Amazon Web Services is in the market for senior development managers and senior developers to staff up a “brand new team,” although their work will grow out of an existing AWS digital media offering, according to a job listing posted Wednesday and tweeted out by Jeff Barr, the company’s web services evangelist.
The delivery of digital media has become an ever-hotter battleground as more users demand that their music, video, photos etc. be delivered not only to their PCs, but their TVs and mobile devices of choice. Clearly, tech giants Apple(s aapl), Google (s goog), Microsoft (s msft) and Amazon see this an increasingly high-stakes game and are duking it out accordingly. When word leaked last April that Amazon was working on a music streaming service, GigaOM Pro analyst Michael Wolf dubbed Amazon the “alpha dog” of new digital media.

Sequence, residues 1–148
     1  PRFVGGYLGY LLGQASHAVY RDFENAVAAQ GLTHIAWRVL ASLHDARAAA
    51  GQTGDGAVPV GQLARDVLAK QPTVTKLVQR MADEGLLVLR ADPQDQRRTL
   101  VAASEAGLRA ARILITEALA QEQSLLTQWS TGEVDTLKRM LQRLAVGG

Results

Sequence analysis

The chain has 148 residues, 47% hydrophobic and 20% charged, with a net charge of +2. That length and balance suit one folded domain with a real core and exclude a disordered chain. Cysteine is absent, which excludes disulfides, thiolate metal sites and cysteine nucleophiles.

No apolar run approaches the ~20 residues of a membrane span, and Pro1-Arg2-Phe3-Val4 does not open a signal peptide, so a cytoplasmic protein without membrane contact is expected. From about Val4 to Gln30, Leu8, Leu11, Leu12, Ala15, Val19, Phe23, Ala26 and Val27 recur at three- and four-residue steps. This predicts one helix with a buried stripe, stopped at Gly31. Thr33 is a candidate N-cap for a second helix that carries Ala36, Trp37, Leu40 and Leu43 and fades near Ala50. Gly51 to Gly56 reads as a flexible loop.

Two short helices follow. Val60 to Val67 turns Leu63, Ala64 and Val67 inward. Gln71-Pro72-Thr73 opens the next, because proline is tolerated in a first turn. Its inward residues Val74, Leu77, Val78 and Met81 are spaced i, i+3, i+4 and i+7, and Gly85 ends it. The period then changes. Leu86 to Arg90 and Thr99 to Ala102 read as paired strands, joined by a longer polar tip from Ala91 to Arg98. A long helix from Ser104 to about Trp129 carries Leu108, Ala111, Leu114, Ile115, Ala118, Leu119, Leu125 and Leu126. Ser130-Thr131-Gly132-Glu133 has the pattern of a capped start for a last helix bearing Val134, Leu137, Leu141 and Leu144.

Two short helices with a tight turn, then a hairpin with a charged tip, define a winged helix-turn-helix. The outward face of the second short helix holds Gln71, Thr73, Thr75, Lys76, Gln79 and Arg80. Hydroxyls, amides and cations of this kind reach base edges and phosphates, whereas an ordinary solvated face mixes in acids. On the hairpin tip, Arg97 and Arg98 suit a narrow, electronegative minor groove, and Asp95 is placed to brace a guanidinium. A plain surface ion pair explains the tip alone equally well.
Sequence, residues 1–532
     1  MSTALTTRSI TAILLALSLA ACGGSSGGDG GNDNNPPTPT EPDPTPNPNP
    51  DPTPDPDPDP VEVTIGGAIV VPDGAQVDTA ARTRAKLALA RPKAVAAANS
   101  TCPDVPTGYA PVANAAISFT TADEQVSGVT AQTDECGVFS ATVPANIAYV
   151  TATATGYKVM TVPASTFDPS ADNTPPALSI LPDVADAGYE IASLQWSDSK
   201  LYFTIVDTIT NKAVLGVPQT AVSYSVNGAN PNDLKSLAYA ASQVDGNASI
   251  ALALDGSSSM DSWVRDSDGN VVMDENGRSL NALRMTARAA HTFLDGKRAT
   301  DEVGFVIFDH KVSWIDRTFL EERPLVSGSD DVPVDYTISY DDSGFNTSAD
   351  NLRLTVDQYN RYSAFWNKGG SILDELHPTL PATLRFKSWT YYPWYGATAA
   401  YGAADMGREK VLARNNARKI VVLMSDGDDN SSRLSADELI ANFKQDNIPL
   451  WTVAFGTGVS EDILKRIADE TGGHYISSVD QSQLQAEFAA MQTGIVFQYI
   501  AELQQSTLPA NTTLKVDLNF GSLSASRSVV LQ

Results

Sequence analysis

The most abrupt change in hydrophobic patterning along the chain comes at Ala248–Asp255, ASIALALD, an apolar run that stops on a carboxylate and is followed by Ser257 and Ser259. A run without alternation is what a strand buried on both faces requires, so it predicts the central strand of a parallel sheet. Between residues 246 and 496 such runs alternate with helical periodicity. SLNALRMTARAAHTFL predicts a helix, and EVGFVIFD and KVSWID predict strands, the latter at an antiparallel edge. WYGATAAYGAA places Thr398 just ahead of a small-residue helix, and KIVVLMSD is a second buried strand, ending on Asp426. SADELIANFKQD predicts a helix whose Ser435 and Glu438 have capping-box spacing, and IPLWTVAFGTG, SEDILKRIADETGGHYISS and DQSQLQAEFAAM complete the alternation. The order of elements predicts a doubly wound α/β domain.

Customers including the Public Broadcasting System (PBS), Hungama Digital Entertainment and social gaming site Playfish already use AWS to store and deliver media content, according to the AWS web site. PBS Interactive, for example, uses Amazon CloudFront content delivery service and Amazon Simple Storage Service (Amazon S3).
There is little detail about what this new service will deliver. According to the job post:
The developers on this team will drive the architecture and the technology choices. They’ll need to have a broad knowledge of emerging technologies and will know the ins and outs of Java, C or C++, and Linux or Windows. They will also have significant experience with networking, multi-threaded applications, interprocess communication, and the architecture of fault-tolerant systems.
As Amazon and its competitors staff up for digital media, the stakes will only get higher. Microsoft is making a concerted effort to bring more digital content purveyors to its Windows Azure platform as a service. Google owns YouTube, which accounts for a huge percentage of online video delivered to consumers, and then there is Apple, which has stolen the lead in content delivery with iTunes and its hugely popular iPad franchise.